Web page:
Do You Have A Case?

The overall impact of mental health in our everyday lives has been becoming increasingly apparent in recent years. According to the American Psychiatric Association, almost 1 in 5 adults in the US live with some form of mental illness. However, not everyone suffers from mental health to the point that it is disabling. If your mental health symptoms are debilitating, you may be able to qualify for your long-term disability insurance benefits.

Mental Illness vs Physical Illness with Disability Coverage

While physical health symptoms are often easier to prove to insurance companies, the barriers to coverage on mental health claims are often more restrictive. Mental Illness is a sliding scale of severity, and mental health conditions can affect people differently. Where one individual can lead a completely normal life, someone else with the same illness may be completely unable to get out of bed most days. Because of this, a diagnosis is rarely enough to convince an insurance company that you require benefits.

man living with a mental health condition - depressed man sitting in a dark room holding his head

Common Mental Illnesses Covered By Long-Term Disability

Generally, any mental illness could be covered under long-term disability insurance if your policy covers it. Your disability attorney can help you determine what your insurance policy covers. Most policies that include mental illness coverage include:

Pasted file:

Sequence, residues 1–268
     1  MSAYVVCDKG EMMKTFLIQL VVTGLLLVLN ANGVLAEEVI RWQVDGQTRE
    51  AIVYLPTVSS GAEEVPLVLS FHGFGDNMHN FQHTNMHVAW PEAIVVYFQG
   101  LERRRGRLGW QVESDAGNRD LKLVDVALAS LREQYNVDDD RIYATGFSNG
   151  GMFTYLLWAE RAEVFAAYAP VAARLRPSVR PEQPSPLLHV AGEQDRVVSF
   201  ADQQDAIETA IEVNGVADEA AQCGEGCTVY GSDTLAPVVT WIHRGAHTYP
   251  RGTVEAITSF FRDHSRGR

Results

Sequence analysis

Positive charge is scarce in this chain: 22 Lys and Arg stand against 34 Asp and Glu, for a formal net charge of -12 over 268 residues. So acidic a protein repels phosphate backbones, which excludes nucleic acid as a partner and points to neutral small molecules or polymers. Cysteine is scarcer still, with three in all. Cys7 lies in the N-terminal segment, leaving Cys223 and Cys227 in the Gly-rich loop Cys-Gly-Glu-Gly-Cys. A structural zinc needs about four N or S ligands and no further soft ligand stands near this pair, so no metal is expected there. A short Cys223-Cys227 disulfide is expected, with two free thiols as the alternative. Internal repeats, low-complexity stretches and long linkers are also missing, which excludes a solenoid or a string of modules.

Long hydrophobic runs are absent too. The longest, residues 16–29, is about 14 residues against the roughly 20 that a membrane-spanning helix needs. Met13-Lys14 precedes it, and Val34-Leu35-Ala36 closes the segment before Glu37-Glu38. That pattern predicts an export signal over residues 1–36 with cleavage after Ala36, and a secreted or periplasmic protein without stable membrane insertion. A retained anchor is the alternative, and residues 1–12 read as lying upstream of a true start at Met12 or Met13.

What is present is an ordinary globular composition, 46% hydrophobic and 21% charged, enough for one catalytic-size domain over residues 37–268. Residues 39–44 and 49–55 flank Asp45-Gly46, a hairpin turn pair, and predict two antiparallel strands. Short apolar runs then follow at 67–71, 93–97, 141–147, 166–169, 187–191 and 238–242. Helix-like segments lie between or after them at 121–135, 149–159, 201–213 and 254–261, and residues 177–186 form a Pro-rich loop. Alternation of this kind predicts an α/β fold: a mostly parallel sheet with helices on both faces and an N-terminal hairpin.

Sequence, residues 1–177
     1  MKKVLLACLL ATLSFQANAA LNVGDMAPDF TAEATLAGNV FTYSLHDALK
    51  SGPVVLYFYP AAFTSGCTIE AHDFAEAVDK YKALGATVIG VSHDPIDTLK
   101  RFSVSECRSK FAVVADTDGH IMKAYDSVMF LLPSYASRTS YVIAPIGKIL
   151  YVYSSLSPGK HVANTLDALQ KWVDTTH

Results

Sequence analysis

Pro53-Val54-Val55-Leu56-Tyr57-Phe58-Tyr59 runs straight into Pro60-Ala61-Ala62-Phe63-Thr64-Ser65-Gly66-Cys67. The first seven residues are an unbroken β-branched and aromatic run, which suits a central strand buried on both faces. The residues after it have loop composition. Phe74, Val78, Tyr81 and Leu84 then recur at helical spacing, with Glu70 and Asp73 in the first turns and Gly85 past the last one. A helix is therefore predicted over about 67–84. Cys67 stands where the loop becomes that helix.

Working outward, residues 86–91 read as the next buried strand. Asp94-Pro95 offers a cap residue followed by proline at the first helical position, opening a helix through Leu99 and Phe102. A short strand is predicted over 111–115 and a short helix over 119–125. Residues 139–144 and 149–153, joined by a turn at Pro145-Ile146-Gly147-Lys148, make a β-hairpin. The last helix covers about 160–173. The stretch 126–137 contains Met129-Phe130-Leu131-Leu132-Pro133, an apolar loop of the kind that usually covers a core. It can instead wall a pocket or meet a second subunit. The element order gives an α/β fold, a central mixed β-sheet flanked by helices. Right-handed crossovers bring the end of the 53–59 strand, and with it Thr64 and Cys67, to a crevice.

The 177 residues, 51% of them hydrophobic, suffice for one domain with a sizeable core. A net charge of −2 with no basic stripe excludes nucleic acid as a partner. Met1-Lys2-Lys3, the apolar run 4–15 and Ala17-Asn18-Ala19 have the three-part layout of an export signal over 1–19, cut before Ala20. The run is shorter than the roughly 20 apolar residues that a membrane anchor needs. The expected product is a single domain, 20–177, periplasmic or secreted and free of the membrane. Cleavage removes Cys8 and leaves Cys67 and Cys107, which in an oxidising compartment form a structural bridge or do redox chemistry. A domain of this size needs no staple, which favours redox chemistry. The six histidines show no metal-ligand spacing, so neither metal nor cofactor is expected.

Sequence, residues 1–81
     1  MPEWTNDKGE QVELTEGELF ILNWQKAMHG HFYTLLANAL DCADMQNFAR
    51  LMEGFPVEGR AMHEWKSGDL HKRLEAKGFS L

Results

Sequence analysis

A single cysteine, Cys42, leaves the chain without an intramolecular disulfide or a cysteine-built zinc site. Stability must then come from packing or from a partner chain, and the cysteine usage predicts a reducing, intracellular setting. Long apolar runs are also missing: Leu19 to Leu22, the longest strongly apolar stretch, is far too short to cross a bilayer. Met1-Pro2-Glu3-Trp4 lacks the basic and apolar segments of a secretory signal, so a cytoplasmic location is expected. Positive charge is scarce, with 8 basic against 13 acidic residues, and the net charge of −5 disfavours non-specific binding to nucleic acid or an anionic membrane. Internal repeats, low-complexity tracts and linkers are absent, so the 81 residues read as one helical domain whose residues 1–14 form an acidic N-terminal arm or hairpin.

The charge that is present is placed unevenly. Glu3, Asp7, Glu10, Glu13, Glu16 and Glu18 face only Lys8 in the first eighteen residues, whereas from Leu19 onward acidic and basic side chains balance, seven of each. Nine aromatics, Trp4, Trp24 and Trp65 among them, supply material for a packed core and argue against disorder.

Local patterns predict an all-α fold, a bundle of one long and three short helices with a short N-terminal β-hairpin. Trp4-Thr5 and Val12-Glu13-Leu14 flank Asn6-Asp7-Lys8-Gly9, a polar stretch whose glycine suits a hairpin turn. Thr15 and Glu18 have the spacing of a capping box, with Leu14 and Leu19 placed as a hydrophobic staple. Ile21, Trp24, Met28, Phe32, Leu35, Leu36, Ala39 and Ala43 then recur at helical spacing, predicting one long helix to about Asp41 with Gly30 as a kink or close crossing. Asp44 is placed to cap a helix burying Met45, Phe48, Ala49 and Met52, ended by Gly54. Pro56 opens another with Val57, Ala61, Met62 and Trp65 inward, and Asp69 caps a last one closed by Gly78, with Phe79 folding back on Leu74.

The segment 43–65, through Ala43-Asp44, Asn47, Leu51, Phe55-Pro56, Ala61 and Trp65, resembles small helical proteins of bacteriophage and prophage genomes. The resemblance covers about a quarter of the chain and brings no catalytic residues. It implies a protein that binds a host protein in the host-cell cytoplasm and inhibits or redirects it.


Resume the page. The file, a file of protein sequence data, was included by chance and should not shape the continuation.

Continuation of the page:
Mental Health Disorders and Physical Symptoms

Mental illness can manifest symptoms that are both cognitive and physical. These physical symptoms may be important to building your case. While symptoms can vary greatly based on your illness, and how they manifest, below are some physical symptoms that you might be experiencing.

  • Fatigue
  • Headaches
  • Nausea
  • Insomnia/Sleep pattern issues
  • Immunosuppression
  • Blood pressure changes
  • Heart rate spikes/arrhythmia

Be sure to discuss any and all symptoms you are experiencing with your doctors. They can help you determine whether your symptoms are a manifestation of your mental illness or a symptom of other health issues you may be experiencing. Additionally, having medical records of you reporting your symptoms can be an important aspect of building your case.

How Do I Prove My Disability With Mental Illness?